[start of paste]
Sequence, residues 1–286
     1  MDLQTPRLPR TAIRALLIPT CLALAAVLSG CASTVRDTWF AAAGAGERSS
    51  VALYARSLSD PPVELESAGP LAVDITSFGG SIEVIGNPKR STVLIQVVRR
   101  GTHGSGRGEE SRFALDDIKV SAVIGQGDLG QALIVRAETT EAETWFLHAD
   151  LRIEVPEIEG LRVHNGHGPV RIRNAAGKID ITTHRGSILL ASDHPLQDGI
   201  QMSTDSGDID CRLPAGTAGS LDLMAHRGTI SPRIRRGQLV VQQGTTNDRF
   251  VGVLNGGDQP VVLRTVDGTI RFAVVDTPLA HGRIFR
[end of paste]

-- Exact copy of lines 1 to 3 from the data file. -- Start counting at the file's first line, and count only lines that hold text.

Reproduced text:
Sequence, residues 1–286
     1  MDLQTPRLPR TAIRALLIPT CLALAAVLSG CASTVRDTWF AAAGAGERSS
    51  VALYARSLSD PPVELESAGP LAVDITSFGG SIEVIGNPKR STVLIQVVRR